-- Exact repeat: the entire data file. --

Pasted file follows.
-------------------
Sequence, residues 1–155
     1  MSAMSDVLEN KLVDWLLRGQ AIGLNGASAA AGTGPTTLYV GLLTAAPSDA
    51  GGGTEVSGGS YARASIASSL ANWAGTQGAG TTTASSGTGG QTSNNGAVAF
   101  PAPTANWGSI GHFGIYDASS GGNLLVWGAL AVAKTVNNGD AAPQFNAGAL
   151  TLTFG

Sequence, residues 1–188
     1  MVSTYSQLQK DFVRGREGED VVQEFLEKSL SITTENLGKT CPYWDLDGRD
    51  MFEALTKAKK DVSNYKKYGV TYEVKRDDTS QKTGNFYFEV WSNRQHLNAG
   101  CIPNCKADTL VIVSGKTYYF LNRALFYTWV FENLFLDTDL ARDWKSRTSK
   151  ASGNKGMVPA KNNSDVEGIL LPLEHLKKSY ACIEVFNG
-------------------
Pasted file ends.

Sequence, residues 1–155
     1  MSAMSDVLEN KLVDWLLRGQ AIGLNGASAA AGTGPTTLYV GLLTAAPSDA
    51  GGGTEVSGGS YARASIASSL ANWAGTQGAG TTTASSGTGG QTSNNGAVAF
   101  PAPTANWGSI GHFGIYDASS GGNLLVWGAL AVAKTVNNGD AAPQFNAGAL
   151  TLTFG

Sequence, residues 1–188
     1  MVSTYSQLQK DFVRGREGED VVQEFLEKSL SITTENLGKT CPYWDLDGRD
    51  MFEALTKAKK DVSNYKKYGV TYEVKRDDTS QKTGNFYFEV WSNRQHLNAG
   101  CIPNCKADTL VIVSGKTYYF LNRALFYTWV FENLFLDTDL ARDWKSRTSK
   151  ASGNKGMVPA KNNSDVEGIL LPLEHLKKSY ACIEVFNG